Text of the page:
A couple of weeks ago, I wrote about finding a native Christmas tree to plant at the end of the season to benefit wildlife and improve the ecosystem in my backyard. Since then, I’ve come across more non-native container-grown and balled-and-burlapped Christmas trees than species that are native to Ohio.
With limited options, I started considering what it would take to grow my own Christmas tree.
Growing your own Christmas tree
Selecting a species. Choose a Christmas tree species that is native to where you live. The only conifer commonly used for Christmas trees that is native to Ohio is the eastern white pine. It features clusters of long, flexible, needles that make it ideal to be used as a natural privacy border or windbreak. It also provides food and shelter for a variety of wildlife. White pines are the preferred nesting sites for many birds including woodpeckers, common grackles, mourning doves, chickadees and nuthatches. Black bears, rabbits, red squirrels and a variety of birds feed on white pine seeds. Beavers, snowshoe hares, porcupines, rabbits and mice feed on white pine bark.
Appearance. White pines are widely used as Christmas trees because they naturally grow in an oval or pyramid shape. They have soft, slender blue-green needles that sometimes reach 5 inches long and grow in bundles of five. They produce elongated brown cones that reach 3-5 inches long with smooth scales and a slight curve.
Growth rate. White pines grow quickly, adding about two feet of height per year. As they grow, they form an oval shape. Fully mature white pines can reach 50-80 feet tall with a spread of 20-40 feet. Growing a white pine tree from seed in optimal conditions, you could produce your own Christmas tree in about 5 years.
Growing preferences. White pines are hardy trees that have the ability to survive in a variety of conditions. However, they prefer moist, well-drained soils and full sun to partial shade conditions with at least four hours of direct unfiltered sunlight every day. They are also sensitive to air pollution, road salt and soil compaction. If you notice your white pine struggling in its first year, you can always choose a more suitable location as they transplant easily.
Planting white pine seeds
What you’ll need
- White pine seeds
- Paper bag
- 5-inch pots
- Horticultural sand
- Sphagnum moss
Steps (If you bought seeds instead of collecting your own, skip to step 3.)
- Collect white pine seeds by gathering white pine cones from late summer to early fall. Look for pine cones on the ground that haven’t completely opened and pine cones that are still attached to the tree and within reach. Pine cones that have completely dried out and lifted their scales won’t be the best source of viable seeds. Many of these pine cones dispersed their viable seeds before falling off the tree. You will have to collect a lot of pine cones to ensure you get some viable seeds.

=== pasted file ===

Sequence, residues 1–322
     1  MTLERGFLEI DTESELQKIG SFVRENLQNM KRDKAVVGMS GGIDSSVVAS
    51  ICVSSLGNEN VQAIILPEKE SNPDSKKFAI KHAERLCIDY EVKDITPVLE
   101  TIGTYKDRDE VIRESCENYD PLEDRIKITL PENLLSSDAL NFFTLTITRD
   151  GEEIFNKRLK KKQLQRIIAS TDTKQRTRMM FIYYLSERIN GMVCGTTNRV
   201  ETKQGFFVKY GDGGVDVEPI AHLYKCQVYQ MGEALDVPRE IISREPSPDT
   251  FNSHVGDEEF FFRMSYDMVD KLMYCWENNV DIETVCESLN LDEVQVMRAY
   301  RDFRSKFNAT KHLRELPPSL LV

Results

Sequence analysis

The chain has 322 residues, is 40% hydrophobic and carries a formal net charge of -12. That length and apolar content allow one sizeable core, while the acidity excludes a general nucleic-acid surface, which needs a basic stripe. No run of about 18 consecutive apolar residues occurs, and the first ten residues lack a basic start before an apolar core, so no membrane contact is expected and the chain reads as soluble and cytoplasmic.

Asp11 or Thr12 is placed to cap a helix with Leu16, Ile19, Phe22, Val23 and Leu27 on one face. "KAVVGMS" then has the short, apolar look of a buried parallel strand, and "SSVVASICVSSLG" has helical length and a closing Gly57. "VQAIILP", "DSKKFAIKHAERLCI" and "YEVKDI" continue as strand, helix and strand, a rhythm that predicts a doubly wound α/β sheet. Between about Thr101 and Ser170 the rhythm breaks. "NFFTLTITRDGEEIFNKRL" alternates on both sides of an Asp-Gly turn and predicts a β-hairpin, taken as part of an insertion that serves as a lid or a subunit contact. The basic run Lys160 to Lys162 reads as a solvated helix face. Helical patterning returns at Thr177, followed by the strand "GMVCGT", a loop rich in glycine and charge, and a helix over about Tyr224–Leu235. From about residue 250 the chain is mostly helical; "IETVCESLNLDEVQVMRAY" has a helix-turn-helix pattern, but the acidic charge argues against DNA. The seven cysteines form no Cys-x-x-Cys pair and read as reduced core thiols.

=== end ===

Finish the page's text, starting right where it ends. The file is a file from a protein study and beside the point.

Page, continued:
- Dry the pine cones you collected in a large brown paper bag. Put the pine cones you’ve collected in a large paper bag and place the bag in a warm, dry location outdoors. Inside the bag, the pine cones will open and release their seeds. After about a week, shake the bag to encourage the seeds to drop to the bottom of the bag and then collect them.
- Soak your seeds in a bucket of water overnight to determine which ones are viable. The seeds that float to the surface are not viable and should be discarded. The seeds in the bottom of the bucket should be drained and saved to stratify.
- Stratify your seeds. Fill a freezer bag with moistened perlite and place your seeds inside. The bag of moistened perlite and white pine seeds should be stored in the refrigerator for 2-3 months. You’ll need to check the perlite periodically to make sure it’s moist. Whenever you notice it’s dry, spray water in the freezer bag to remoisten it.
- Prepare your pots and growing medium. Fill each pot with a 50-50 mixture of sand and sphagnum moss. Then completely wet each pot and allow excess water to drain.
- Plant one white pine seed in each container ¾ inch deep. Seeds should be planted horizontally and covered.
- Provide 1 inch of water per week as your seedlings grow.
- Keep the potting medium consistently moist. Water your seeds whenever the top inch of potting medium is dry to the touch. Your seeds will take around 6 weeks to germinate.
- Find a permanent home for your white pines. Once your seedlings have reached about 6 inches tall and are ready to be transplanted outside, find a location that supports their growing preferences and offers ample room for them to grow.
- Plant your seedlings. Seedlings should be planted about 20 feet apart. After planting, spread a 2-inch layer of mulch around the base of each one to protect their roots.
- Provide supplemental water during dry periods.
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